It was a real shock to me when I heard of Philip Davies’ death. Since both of us retired from university teaching, I hadn’t seen as much of him, but we often had shorter or longer conversations at scholarly meetings. Our most recent communication was an email in which he sent me an article of his and asked me for one of mine, and said, “Hope to see you before too long”.
I initially met Philip in 1983 at the first SOTS conference I attended after moving to England. I had already known his work for some time and was wanting to get to know him. At our first meeting we had a long conversation and a lot to drink, and he became a fast friend. We had common interests, especially in the Second Temple Period, including a particular focus on the Persian period. This didn’t mean that we always agreed—far from it! Philip liked to throw out ideas. I’ve heard him argue a case passionately one day, and its opposite the next! Some of his ideas I liked and some I hated. But they were always stimulating. I learned a great deal from Philip, both from his writings and from his conversations, even when I disagreed. The last article I sent to him (from the Festschrift for Israel Finkelstein) was an argument about whether Jeroboam I existed. The article came about because of a discussion that we had at an EABS session in which he and I took opposite sides. Whether he was convinced by my published argument, I am sorry to say I don’t know.
But Philip was much more than a scholarly conversationalist. He provided a good deal of help and moral support in a number of projects of mutual interest. This was especially true with the European Association of Biblical Studies. The idea was originally Niels Peter Lemche’s, but Philip and I, along with a number of others, contributed to the discussion that led to its founding in 1996. I was the first president, but although Philip had no formal office, he and I worked closely together (being near to each other at the Universities of Hull and Sheffield, which are not far apart in England). In many ways, it was as if the new scholarly association had two presidents! My office, originally designated for three years, was later extended to five as we got the fledgling organization under way, with many discussions, position papers, and late-night debates about how to organize, administer, and make the EABS a success. The idea of organizing the association around research groups was Philip’s original idea and is still in place. After I finished my term as president, Philip and I became joint executive officers of the EABS, and finally Philip became president in his own right.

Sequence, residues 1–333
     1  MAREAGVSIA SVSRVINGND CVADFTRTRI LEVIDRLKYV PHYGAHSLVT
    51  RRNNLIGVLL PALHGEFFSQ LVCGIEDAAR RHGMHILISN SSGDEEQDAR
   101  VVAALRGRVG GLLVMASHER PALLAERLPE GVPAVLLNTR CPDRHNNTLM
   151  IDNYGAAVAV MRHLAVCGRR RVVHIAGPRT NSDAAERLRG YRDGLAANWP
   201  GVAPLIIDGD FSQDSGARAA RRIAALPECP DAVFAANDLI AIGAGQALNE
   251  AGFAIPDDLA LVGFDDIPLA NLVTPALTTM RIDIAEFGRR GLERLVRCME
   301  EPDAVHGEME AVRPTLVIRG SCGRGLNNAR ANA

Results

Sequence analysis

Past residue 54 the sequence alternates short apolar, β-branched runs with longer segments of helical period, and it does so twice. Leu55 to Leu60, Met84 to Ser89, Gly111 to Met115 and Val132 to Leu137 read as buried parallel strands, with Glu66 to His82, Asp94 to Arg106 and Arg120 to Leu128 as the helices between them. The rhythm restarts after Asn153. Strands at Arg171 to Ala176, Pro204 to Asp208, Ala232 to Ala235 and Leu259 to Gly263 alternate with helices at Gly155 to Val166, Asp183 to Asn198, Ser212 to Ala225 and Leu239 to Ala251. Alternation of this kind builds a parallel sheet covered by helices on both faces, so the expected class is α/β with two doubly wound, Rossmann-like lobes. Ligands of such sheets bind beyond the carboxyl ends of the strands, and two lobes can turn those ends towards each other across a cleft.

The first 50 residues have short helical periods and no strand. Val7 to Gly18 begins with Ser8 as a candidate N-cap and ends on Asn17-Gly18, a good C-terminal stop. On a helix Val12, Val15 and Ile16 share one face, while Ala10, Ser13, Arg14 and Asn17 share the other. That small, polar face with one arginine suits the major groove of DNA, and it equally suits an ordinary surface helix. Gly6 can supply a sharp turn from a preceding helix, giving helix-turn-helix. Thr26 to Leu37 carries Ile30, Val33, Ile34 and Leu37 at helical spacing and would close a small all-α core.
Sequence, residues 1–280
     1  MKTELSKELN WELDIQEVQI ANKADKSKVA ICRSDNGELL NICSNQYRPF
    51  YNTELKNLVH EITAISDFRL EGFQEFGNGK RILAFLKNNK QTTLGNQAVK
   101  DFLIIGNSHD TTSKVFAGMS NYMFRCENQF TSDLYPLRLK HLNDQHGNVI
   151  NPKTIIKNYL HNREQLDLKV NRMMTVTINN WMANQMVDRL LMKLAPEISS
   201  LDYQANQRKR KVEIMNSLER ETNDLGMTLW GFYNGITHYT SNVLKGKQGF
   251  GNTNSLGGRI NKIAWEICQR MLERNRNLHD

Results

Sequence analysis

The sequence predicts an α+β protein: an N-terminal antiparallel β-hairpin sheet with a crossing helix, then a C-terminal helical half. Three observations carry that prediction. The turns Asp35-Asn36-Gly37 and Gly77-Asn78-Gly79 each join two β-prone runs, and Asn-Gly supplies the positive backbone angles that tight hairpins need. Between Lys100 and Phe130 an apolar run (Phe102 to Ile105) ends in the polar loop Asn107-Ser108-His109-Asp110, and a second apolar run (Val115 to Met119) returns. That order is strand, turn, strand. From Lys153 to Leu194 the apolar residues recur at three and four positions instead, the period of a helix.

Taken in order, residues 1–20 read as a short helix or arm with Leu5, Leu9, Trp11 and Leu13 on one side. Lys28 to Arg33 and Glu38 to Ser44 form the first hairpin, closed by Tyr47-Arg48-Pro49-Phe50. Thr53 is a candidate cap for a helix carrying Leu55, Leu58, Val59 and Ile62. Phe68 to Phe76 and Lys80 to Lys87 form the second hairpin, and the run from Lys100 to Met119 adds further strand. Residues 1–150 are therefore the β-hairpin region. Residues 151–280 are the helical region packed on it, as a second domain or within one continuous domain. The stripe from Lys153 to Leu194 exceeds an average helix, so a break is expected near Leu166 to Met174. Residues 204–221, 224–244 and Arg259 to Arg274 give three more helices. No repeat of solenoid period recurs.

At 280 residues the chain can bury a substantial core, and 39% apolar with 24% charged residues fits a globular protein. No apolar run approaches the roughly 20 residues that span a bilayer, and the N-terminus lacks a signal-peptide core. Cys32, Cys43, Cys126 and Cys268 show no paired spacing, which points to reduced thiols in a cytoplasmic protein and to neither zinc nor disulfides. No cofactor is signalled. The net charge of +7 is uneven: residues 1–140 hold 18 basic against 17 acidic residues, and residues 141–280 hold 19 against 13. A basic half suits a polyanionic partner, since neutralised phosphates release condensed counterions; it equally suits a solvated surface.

In 2009 when Philip was president of EABS and I was president of SOTS, we managed to set up a joint meeting that also included these two organizations and also the Dutch-Belgium OTW (Het Oudtestamentisch Werkgezelschap in Nederland en België). Philip himself had been president of SOTS in 2007. He was also a founder member of the European Seminar in Historical Methodology which I organized for 17 years. I very much appreciated his advice and moral support over the years, as well as his contributions to our discussions and his papers in the twelve volumes that came out of our meetings.
I hardly need to say anything about the many volumes that he authored and edited, because most of you will already be familiar with them. His many articles—often deliberately provocative and controversial—have stimulated and advanced the field, whether Qumran, history of ancient Israel, the Second Temple period, the Persian period, or other aspects relating to the Bible. Others can also speak more knowledgeably about his work with Sheffield Academic Press.
He and his wife Birgit were very hospitable, and I often shared in this hospitality at their home. I shall miss him in every respect: as a scholarly mind, as a conversation partner, as a drinking companion, as a friend.
Lester L. Grabbe